Firstly, the new Russian Constitution protects rights and interests of the indigenous minorities in accordance with the norms and principles of international legislation. The Constitution protects native environments and traditional ways of life. It is possible to define principles of the Russian policy towards ethnic groups upon this legal basis. It is also possible to set the legal framework for the indigenous people in the spirit of worldwide trends, i.e. the transition from the paternalist policy of integration into modern high-tech society towards the policy of recognition of indigenous cultures in a way that supports their endeavour to control their own development and resources. This policy is based upon the concept of partnership between the state and indigenous people. In Russia today, indigenous peoples do not have the authority to direct their own development. In my opinion, this should be the priority for the Association at the federal and regional levels.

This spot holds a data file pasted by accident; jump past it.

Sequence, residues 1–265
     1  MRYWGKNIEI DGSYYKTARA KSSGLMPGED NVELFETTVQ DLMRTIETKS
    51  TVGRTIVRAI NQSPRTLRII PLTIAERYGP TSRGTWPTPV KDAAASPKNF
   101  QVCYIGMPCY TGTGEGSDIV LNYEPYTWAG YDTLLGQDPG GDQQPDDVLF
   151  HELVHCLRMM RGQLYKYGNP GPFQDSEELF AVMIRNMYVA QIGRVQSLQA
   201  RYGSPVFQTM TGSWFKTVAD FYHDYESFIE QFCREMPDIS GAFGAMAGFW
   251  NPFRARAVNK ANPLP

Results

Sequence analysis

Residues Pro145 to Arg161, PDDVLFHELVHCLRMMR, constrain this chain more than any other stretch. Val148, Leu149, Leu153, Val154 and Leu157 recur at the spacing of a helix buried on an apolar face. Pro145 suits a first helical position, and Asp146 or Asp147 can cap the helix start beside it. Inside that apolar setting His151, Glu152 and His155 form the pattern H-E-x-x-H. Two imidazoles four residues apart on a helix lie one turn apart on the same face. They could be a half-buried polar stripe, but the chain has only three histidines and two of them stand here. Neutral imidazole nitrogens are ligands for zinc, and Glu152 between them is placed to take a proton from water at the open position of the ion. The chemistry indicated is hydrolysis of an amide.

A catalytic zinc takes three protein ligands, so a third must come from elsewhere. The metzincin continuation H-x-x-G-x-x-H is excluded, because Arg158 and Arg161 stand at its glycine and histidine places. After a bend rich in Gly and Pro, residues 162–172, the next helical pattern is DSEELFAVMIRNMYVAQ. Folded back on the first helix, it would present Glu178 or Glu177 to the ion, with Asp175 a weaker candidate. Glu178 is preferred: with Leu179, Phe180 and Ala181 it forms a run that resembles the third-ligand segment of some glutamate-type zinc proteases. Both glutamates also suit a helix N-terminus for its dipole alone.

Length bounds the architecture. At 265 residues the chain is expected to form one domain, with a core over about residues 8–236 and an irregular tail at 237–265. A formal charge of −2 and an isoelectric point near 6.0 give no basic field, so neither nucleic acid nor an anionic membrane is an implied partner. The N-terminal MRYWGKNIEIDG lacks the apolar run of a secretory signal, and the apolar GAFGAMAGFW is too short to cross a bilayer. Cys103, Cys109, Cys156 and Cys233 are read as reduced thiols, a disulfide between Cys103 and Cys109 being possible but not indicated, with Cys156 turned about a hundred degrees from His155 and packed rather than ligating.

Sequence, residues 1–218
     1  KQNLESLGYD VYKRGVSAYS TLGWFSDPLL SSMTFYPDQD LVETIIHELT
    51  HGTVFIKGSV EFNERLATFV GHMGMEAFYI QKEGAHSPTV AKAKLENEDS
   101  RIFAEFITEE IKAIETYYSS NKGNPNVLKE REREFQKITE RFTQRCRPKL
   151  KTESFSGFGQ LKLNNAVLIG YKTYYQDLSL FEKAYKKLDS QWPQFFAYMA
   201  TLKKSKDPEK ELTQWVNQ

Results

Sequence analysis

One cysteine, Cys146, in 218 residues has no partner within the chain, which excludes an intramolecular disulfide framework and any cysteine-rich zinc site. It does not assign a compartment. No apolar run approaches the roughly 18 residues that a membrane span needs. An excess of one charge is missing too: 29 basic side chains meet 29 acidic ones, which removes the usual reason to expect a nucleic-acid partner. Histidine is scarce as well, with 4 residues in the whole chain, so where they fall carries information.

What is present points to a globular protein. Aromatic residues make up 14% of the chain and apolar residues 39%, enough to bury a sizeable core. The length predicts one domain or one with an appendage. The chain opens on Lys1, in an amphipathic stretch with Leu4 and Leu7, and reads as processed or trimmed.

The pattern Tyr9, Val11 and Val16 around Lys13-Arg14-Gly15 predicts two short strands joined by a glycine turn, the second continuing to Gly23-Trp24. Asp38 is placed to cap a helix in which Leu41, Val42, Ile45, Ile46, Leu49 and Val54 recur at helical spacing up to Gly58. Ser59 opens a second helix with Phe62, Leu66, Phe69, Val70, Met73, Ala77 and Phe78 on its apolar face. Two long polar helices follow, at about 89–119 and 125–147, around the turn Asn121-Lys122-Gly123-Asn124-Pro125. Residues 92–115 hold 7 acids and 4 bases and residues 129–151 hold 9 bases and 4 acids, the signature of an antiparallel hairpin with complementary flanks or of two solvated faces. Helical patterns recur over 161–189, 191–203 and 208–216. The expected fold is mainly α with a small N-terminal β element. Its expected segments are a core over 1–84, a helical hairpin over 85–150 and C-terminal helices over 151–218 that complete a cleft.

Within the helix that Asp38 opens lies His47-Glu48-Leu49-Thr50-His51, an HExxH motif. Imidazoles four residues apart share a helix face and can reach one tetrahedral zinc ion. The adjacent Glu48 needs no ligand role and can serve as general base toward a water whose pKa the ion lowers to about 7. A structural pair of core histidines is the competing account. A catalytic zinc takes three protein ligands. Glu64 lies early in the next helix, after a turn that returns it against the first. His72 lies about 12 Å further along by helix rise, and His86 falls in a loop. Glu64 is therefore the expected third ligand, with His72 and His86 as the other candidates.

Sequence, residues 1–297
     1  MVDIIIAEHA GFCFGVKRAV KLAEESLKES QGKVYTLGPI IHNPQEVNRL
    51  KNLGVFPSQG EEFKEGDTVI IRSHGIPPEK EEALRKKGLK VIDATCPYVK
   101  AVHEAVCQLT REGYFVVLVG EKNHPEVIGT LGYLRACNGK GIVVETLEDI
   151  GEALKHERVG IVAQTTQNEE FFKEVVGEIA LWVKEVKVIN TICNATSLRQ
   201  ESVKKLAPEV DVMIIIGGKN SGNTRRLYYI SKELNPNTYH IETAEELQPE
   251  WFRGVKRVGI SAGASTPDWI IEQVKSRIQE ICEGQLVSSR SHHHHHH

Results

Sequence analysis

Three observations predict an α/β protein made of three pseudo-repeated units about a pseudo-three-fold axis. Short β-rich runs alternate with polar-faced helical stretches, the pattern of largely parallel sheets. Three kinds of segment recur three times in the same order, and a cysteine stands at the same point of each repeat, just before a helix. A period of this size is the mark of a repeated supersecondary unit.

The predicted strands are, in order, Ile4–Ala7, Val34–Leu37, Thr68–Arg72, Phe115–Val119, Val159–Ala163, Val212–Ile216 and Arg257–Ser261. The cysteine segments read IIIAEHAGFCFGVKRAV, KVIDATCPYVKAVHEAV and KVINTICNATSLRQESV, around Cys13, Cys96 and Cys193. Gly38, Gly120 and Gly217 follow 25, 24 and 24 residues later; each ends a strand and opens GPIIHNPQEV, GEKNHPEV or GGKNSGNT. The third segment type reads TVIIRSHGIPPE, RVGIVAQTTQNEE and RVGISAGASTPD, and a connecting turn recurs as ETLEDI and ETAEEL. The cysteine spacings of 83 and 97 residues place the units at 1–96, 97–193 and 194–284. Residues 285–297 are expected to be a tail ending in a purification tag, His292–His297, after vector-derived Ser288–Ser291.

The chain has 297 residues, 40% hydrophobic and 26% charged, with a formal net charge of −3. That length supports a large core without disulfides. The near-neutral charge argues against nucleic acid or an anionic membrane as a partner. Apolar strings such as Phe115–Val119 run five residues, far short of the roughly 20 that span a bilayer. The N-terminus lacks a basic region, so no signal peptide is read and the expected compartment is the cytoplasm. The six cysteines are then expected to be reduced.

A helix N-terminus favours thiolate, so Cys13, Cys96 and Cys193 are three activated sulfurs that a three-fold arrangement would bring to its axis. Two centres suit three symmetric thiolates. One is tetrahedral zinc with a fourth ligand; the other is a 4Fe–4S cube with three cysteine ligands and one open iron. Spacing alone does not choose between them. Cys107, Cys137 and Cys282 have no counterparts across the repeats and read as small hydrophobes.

Secondly, our young people do a lot to help the indigenous people. It is important to help them, to support their initiatives and to direct their energy towards constructive work.

Thirdly, a consolidation of the indigenous organisations is taking place today. We have to coordinate this process, assisting in structuring the work of the indigenous NGOs and helping them strengthen the organisational capacity.